“Flood seemed a strange choice to be commissioner of a league that desperately would need the assistance of the major leagues,” wrote Peter Golenbock in his book about the SPBA, The Forever Boys: The Bittersweet World of Major League Baseball as Seen Through the Eyes of the Men Who Played One More Time, published in 1991. “Later I would discover that many of the players considered themselves outcasts from baseball, so perhaps Flood’s choice as commissioner had been fitting after all.”

“Dred Scott in spikes,” George F. Will called Flood in 1993.

There was poetry and portent in the fact that Curt Flood’s career blossomed in St. Louis, the city where Dred Scott had taken his case to court. In 1966, the Cardinals moved into a new stadium that is located just a long fungo from the courthouse where Scott, a slave, argued that he had lived on free soil and therefore should be free . . . [Scott] was not the last time that the Supreme Court would blunder when asked when a man can be treated like someone’s property.

That is the question Curt Flood posed when the Cardinals tried to trade him. They said he had to go wherever they decided to send him. It had always been so, and always would be. He said, well, we’ll just see about that. He rose in rebellion against the reserve clause that denied baseball players the fundamental right to negotiate terms of employment with whomever they chose. He lost the 1970 season and lost in the Supreme Court, but he had lit a fuse.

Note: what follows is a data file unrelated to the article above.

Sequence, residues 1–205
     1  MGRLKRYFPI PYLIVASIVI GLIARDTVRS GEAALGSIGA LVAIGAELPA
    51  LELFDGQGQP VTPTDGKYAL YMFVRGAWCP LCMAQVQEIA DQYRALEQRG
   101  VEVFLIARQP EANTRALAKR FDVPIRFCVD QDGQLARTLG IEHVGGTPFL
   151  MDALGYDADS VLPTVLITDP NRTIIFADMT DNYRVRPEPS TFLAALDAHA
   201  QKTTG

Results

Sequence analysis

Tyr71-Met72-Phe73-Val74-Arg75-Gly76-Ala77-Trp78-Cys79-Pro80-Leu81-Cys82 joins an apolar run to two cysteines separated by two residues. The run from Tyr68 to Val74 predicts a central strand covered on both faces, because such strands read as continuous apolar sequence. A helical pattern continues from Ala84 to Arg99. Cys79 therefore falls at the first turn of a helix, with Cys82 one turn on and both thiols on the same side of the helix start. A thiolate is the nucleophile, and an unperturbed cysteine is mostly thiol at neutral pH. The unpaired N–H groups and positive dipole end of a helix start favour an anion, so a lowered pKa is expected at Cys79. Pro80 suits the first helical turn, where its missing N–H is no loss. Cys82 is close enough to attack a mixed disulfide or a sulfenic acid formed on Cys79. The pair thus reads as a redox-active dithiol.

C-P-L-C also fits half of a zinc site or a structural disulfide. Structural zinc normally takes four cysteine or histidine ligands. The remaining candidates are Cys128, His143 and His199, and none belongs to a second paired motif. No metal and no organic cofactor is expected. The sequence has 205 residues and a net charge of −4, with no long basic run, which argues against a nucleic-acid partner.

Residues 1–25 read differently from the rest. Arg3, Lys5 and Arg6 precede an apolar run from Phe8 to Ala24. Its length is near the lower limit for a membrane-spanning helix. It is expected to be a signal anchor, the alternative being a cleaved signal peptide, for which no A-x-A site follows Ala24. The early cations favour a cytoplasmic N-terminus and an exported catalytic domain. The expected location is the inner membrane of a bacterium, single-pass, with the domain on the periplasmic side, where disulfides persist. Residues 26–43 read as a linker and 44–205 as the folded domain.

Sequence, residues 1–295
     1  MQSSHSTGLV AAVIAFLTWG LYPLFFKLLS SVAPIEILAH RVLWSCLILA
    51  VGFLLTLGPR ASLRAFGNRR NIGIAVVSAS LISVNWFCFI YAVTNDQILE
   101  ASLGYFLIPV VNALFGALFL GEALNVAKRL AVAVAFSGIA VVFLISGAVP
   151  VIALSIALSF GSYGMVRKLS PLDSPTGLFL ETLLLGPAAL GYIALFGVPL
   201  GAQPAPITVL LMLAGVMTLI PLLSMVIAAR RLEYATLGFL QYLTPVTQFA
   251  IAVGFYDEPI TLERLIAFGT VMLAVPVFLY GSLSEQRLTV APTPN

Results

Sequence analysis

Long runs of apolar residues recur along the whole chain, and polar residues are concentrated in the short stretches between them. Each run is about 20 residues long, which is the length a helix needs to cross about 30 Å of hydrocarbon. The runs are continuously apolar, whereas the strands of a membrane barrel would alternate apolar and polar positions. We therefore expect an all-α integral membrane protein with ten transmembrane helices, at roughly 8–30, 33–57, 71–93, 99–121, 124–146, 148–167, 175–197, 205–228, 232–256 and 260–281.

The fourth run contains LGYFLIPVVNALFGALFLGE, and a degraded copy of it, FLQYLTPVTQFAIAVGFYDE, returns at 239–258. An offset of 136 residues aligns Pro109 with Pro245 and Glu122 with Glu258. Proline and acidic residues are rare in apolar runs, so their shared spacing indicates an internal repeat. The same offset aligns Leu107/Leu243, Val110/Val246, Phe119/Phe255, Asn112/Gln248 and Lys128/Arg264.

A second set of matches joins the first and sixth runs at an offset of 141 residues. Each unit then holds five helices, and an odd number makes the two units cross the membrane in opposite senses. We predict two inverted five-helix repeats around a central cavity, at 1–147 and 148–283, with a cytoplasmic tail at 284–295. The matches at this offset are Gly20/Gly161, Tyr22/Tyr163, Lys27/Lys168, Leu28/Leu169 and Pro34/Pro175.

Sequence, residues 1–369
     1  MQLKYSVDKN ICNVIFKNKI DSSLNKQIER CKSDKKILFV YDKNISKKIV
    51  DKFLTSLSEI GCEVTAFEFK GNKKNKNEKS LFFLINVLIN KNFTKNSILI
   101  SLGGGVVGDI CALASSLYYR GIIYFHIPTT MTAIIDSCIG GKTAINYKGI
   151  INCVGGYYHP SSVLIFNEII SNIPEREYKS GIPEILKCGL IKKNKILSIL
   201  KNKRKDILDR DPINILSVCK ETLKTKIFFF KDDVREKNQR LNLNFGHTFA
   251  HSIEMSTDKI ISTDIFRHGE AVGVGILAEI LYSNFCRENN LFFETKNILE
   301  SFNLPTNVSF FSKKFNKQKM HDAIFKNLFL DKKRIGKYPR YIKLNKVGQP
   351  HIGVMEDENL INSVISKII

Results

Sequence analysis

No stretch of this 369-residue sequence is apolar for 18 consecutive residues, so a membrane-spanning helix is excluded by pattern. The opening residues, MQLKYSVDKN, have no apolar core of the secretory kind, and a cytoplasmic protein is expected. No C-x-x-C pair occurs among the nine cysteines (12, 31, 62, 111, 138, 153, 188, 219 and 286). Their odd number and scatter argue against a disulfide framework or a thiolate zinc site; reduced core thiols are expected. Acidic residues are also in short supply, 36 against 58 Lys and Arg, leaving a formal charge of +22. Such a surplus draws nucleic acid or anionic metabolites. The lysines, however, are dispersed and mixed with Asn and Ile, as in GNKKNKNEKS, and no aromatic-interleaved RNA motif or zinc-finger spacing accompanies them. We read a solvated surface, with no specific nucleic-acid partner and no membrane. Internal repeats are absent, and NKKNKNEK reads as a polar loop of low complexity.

Six years later—too late to benefit him—his cause prevailed. The national pastime is clearly better because of that. But more important, so is the nation, because it has learned one more lesson about the foolishness of fearing freedom.

Will observed wryly that what was once said of another player could have been said of Flood the center fielder—two-thirds of the earth is covered by water and the rest was covered by Flood. That was nothing compared to the flood he began when he stood on his hind legs and demanded, quietly but firmly, the rights of any working man or woman from the most obscure labourer to the most elevated chief executive officer.

Flood belongs in the Hall of Fame as the citizen who first told baseball seriously that denying a man the right to sell his services fairly and openly was, shall we say, un-American. So does the California guy who finished what Dred Scott in Spikes began, when Flood fired the second shot heard ’round the world one not-so-foggy Christmas Eve.